July 5, 2012
From painters, poets, writer and sculptures, over the centuries the Cote d’Azur has attracted many an artistic genius to its lands. Filmmaking is another artistic genre that has been drawn to this sensational region of southern France.
The late David Lean was one such film director who was unable to resist the unique charms of the Cote d’Azur. The English firm producer and screenwriter, who is best remembered for his legendary screen epics, including Lawrence of Arabia (1962), A Passage to India (1984) and Doctor Zhivago (1965), owned an idyllic luxury retreat on the French Riviera known as Moulin du Jardinier.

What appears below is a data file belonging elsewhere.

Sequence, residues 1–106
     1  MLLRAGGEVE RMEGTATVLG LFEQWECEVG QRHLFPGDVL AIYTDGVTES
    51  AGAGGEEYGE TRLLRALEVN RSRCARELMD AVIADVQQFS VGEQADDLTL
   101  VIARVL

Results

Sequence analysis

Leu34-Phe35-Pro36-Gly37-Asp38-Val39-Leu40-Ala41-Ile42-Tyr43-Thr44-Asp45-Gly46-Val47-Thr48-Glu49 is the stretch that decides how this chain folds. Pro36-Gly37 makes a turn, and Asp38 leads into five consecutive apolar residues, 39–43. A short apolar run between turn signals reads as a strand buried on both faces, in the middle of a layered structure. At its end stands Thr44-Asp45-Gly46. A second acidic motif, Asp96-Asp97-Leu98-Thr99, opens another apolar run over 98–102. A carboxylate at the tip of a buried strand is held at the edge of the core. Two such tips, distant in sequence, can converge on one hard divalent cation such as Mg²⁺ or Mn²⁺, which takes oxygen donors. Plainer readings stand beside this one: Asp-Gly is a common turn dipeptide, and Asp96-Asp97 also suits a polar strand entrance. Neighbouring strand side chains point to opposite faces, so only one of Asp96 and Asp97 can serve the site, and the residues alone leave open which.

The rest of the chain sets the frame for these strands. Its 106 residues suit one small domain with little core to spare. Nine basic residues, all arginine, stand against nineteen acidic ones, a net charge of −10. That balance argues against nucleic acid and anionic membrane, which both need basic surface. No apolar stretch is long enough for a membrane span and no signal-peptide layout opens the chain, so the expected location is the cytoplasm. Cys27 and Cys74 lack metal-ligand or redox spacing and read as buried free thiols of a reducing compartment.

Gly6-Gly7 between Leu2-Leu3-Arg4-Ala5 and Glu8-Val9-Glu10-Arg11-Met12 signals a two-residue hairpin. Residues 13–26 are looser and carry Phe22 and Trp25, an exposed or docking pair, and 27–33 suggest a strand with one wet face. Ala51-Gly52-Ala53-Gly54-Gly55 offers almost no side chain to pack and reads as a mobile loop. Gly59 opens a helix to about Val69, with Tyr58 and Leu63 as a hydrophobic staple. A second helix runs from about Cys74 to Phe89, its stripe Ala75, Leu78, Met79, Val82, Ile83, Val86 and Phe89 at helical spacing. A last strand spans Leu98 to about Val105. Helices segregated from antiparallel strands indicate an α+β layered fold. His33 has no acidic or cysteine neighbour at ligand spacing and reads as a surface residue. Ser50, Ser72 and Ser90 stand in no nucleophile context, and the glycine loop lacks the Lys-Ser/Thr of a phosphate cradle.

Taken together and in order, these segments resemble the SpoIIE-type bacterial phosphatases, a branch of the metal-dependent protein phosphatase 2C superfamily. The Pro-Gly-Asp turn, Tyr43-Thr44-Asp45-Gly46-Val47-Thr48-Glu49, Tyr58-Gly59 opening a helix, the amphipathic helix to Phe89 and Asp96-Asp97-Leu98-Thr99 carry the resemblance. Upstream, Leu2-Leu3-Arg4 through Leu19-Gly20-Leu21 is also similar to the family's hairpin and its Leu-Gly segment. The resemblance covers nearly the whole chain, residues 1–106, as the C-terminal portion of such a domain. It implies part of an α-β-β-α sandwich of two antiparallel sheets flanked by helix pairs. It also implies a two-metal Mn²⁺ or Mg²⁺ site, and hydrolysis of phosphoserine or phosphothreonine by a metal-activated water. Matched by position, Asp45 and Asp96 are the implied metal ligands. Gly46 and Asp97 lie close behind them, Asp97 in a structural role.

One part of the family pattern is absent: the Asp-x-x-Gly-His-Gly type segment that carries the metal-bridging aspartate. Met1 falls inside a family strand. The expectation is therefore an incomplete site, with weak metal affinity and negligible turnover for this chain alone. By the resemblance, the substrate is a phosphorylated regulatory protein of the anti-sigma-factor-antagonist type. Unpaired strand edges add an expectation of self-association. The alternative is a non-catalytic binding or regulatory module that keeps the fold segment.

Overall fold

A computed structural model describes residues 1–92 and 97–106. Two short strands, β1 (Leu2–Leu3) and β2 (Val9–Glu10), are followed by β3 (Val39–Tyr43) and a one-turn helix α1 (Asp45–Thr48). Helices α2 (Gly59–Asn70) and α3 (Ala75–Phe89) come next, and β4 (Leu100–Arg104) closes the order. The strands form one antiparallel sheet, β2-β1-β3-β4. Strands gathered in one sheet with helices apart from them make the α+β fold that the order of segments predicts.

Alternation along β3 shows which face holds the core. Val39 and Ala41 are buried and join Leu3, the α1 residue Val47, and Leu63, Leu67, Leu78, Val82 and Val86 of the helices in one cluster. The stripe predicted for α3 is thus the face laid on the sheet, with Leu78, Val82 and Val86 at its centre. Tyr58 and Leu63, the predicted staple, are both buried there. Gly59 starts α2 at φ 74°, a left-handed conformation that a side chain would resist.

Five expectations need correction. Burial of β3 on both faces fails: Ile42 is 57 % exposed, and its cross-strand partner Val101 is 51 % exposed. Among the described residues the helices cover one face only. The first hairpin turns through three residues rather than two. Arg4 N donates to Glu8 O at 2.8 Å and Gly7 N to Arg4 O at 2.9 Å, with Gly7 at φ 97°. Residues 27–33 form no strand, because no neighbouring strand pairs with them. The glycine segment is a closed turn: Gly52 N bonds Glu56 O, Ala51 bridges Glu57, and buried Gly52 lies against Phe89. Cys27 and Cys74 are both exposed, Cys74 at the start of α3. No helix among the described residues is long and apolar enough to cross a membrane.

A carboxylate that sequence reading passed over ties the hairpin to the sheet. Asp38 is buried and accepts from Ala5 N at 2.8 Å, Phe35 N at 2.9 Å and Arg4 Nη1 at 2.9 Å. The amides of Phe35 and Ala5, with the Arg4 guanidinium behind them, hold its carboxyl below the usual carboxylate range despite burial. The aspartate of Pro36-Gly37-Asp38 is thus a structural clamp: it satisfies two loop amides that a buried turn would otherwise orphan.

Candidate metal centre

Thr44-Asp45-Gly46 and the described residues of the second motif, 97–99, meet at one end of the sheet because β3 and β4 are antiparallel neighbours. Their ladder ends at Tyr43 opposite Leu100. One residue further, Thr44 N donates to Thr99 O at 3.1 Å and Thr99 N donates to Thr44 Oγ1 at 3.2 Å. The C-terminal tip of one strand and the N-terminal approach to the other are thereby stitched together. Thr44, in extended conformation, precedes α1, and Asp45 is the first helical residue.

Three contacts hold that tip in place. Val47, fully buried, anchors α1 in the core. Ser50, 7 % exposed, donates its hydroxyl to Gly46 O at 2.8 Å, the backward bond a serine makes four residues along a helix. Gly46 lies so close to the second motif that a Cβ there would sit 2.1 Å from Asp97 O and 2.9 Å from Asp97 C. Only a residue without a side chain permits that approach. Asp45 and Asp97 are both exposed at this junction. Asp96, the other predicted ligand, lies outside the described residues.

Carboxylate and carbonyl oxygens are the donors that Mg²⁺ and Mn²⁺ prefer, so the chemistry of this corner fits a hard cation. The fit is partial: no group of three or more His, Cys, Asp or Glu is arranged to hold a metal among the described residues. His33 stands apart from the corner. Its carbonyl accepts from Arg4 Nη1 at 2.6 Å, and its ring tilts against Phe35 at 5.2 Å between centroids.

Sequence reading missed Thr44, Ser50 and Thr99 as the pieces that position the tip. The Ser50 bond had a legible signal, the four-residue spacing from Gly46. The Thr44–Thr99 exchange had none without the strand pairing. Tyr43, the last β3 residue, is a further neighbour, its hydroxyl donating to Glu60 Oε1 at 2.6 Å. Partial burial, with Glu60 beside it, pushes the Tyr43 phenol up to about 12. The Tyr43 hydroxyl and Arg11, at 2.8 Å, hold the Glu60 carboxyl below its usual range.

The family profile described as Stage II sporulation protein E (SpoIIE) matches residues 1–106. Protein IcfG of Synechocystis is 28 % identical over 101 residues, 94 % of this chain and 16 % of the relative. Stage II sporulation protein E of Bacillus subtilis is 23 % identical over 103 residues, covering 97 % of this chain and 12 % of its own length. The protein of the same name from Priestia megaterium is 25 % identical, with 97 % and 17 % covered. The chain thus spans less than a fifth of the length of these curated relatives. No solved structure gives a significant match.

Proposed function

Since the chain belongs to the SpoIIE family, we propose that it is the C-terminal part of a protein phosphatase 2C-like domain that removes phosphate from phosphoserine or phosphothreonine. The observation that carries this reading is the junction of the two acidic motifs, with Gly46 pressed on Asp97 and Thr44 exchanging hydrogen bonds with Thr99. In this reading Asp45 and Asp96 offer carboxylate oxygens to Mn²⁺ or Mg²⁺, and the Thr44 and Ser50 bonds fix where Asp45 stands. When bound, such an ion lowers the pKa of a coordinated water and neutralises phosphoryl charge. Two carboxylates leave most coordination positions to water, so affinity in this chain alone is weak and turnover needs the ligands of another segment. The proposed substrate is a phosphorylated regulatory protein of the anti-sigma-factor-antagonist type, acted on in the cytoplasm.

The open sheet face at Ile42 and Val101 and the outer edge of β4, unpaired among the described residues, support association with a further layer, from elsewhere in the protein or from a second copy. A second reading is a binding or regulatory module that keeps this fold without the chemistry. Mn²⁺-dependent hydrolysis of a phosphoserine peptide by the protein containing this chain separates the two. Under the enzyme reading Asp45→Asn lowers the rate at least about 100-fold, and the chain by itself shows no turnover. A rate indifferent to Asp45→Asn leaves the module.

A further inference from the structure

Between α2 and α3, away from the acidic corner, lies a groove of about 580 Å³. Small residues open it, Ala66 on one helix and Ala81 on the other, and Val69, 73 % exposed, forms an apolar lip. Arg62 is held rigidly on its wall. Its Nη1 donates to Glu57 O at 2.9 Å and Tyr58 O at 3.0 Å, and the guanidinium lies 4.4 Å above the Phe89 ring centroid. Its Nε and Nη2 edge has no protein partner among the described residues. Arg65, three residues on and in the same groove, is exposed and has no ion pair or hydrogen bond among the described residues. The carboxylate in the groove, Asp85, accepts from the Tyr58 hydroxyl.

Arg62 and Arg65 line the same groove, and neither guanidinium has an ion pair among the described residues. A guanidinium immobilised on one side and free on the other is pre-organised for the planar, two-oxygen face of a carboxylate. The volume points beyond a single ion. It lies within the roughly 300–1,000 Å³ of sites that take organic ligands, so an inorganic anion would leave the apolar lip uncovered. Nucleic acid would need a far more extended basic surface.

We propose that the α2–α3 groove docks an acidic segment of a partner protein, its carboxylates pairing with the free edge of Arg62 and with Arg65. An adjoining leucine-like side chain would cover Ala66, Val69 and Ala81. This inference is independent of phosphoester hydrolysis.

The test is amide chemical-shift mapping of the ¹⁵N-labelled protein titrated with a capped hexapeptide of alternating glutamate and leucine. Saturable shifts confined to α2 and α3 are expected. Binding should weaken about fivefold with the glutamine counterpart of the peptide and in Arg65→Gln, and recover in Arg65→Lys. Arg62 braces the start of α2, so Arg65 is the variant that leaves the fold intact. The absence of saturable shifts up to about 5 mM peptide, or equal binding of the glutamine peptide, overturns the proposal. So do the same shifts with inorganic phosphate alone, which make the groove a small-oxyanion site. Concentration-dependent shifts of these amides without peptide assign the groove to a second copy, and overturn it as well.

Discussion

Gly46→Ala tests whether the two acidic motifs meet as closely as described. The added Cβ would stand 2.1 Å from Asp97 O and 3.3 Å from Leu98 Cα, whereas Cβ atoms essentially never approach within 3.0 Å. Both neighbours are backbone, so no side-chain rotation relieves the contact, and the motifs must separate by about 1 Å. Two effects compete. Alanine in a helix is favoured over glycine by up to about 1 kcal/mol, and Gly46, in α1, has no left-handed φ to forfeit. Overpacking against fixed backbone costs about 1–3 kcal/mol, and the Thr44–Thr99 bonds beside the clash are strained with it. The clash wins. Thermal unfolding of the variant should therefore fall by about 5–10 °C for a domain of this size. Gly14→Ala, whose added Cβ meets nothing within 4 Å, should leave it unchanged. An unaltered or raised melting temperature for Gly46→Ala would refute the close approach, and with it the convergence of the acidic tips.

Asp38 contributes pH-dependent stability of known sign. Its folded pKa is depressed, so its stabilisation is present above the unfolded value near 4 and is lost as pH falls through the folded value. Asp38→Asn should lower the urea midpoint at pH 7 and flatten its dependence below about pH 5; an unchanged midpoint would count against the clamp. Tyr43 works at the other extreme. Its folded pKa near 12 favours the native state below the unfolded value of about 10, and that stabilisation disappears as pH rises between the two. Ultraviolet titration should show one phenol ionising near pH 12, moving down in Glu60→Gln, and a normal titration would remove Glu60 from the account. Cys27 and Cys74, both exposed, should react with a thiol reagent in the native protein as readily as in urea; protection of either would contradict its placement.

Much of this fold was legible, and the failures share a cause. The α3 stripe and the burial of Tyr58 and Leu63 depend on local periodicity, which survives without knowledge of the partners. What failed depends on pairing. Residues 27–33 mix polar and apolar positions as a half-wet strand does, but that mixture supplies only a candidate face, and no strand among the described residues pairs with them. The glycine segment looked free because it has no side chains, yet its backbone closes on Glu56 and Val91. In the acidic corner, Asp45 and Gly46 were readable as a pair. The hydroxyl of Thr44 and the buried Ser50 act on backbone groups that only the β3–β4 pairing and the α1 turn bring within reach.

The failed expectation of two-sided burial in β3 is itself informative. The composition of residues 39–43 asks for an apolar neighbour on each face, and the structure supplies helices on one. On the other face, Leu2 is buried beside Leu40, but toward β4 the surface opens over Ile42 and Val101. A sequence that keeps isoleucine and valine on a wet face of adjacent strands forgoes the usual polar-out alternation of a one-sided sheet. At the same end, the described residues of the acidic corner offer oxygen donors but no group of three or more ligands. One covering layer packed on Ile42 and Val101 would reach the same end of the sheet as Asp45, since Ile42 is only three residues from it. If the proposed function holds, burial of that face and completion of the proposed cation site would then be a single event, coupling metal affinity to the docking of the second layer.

The story goes that Lean fell in love with the derelict 15th century ruin, tucked away inconspicuously within a seven-acre garden in Mouans-Sartoux, a medieval town desirably located between Grasse and Cannes. Lean’s love affair with the ancient ruin allegedly began whilst the filmmaker was working on the screenplay for Nostromo in St Paul de Vence.
Lean restored the mansion to a standard that has been described as ‘almost clichéd Provencal beauty’, with its old walls scattered with wines.
Internally Lean’s Cote d’Azur retreat is said to merge baronial chic with bohemian opulence, being vast and open-plan where grand stone archways separate mighty rooms with staggeringly high ceilings where the eye is drawn to extravagant chandeliers. A huge canopy in the house is believed to pay homage to David Lean, which sits beside a mural of the snow palace from Dr Zhicago.